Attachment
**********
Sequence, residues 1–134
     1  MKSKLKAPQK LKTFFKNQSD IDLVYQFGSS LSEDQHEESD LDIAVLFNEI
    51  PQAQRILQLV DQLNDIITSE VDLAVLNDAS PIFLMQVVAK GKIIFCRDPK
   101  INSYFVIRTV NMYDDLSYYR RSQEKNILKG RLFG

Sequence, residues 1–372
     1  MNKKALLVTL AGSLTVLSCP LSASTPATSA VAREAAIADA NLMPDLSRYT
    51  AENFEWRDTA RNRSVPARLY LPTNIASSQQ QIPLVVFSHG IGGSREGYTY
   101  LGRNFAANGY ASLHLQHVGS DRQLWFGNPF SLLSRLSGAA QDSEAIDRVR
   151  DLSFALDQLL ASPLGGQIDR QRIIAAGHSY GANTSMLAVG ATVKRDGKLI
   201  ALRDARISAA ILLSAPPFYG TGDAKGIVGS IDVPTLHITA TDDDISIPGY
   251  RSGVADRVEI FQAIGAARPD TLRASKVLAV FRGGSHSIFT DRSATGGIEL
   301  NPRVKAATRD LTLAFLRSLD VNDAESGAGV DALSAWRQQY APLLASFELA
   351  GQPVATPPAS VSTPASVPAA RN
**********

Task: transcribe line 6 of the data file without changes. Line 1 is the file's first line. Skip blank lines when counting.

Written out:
     1  MNKKALLVTL AGSLTVLSCP LSASTPATSA VAREAAIADA NLMPDLSRYT